Diamonds are considered to be the most expensive jewels in the world, and its heft price tag in the market is often justified by its rarity, its size, and its durability compared to other gemstones. While all diamonds are expensive and rarer, there are just some that are more expensive and rarer than the others, and these rare diamonds are truly one of a kind. There have been many diamonds that were deemed to be the most expensive diamond in the world, but there has been one specific piece of gemstone that has retained the title for several years, and that gem is nicknamed “The Pink Star.” How did the diamond get its name? And why did it become so pricy in the market? These questions will be answered as we take a look at the history of the most expensive diamond in the world.
Where Was the Pink Star Discovered?
The Pink Star diamond was discovered by De Beers, a mining and diamond trading group that was founded in 1888 by mining magnate and politician Cecil John Rodes. De Beers mined the Pink Star in 1999, during one the mining missions in South Africa, and its rough form weight at 132.5 carat. Its gigantic size compared to other diamonds wasn’t the only impressive aspect of the Pink Star, as the piece of gemstone also boasts a stunning pink color that is considered rare by many diamond enthusiasts. In fact, it is the largest known diamond that is rated to have the Vivid Pink color.
Transforming the Rough Diamond to the Pink Star
After mining the rough diamond, De Beers then sold it to Steinmetz Diamonds, a company belonging to the Beny Steinmetz Group that prioritizes real estate and diamond mining. Because of the rarity of the diamond, Steinmetz Diamond had a difficult time planning how to cut the diamond into a more pleasing and attractive shape.
Overall, it took the company 20 months of work to cut the pink diamond, and the project was worked on by more than eight polishers. For rare diamonds, a polisher would usually take about seven to eight hours to work on a diamond that is one-carat in size. However, since Steinmetz Diamonds insisted that the Pink Start should be cut with utmost care, it took the polishers more than one year to carefully cut and polish pieces of the diamond into a desirable shape.
The final product that the company created was shaped to a “mixed oval brilliant” and weighed at 59.60 carats, which is more than half of the size of the rough diamond. Shaving the diamond to a smaller size is regarded to be necessary, as the size is perfect for showing the clarity and the brilliant color of the gemstone.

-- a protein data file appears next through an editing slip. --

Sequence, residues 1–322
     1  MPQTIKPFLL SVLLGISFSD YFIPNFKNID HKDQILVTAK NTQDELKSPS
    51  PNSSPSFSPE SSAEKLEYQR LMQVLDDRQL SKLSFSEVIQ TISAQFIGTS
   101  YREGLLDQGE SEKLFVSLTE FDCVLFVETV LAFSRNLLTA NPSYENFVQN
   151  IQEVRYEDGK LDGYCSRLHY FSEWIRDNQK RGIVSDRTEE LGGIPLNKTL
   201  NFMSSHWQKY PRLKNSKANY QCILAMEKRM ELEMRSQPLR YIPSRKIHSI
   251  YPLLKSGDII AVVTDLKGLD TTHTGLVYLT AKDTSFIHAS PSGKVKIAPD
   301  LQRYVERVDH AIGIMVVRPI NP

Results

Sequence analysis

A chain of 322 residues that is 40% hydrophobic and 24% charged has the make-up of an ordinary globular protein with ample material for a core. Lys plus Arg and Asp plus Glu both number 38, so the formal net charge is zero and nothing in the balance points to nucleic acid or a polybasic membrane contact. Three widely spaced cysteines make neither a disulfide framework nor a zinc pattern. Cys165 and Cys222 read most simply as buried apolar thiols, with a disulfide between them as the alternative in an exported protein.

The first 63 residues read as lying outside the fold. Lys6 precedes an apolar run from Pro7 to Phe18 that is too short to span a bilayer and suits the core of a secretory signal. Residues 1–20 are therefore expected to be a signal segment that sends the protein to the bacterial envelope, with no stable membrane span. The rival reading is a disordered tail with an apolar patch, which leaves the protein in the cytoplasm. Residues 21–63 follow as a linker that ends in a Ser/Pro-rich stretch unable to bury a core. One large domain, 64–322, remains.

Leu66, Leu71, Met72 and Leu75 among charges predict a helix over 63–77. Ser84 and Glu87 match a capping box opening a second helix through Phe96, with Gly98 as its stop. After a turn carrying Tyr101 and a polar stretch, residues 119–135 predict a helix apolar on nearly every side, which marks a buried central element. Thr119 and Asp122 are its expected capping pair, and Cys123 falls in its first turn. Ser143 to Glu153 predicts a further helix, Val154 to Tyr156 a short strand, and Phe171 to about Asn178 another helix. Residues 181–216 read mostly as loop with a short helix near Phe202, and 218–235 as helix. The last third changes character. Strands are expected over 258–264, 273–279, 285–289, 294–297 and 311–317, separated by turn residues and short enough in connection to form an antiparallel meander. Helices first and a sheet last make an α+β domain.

The First Name of the Pink Star
Interestingly, the Pink Star was not actually known by its current name when it was first unveiled, as Steinmetz Diamonds first named the vivid pink diamond as “The Steinmetz Pink” in honor of the company’s owner and founder, Beny Steinmetz. The Steinmetz Pink was unveiled on May 2003, in a public ceremony held in Monaco. The ceremony was part of the exhibition created by the Smithsonian Institution called “The Splendor of Diamonds,” which also showcased other rare diamonds, such as “The Alnatt Diamond,” “The Ocean Dream,” “The Millennium Star,” “The Pumpkin Diamond,” and “The Heart of Eternity Diamond.”
First Sale of the Pink Star and “The Pink Dream”
The first person that bought the Pink Star from Steinmetz was an anonymous buyer, who purchased the diamond for an undisclosed sum in 2007. That anonymous buyer would then call the diamond by its current name, the Pink Star, and send the diamond to the auction company Sotheby’s, who would later auction it on November 2013 in Geneva.
In the 2013 auction, the winning bid for the Pink Star was by renowned diamond cutter Isaac Wolf, who bought it for more than $83 million. Wolf would later rename the diamond as “The Pink Dream,” but before he could even come into possession of the diamond, Sotheby’s returned it to their inventory after Wolf was unable to settle the amount the he bid.
The CTF Pink Star
The last auction for the Pink Star was held on April 4, 2017, where it was sold by Dr. Henry Cheng, the current chairman of the Chow Tai Fook Group, for more than $71 million. In honor of the conglomerate’s name and the chairman’s late father, Dr. Cheng Yu-Tung, the Pink Star’s name was changed to the CTF Pink Star.
As of 2021, the Pink Star still holds the record for being the most expensive diamond in the world. Some diamond experts are considering the record of the Pink Star to last for several more years, as there wouldn’t be any diamond that will be rarer than the vivid pink gemstone.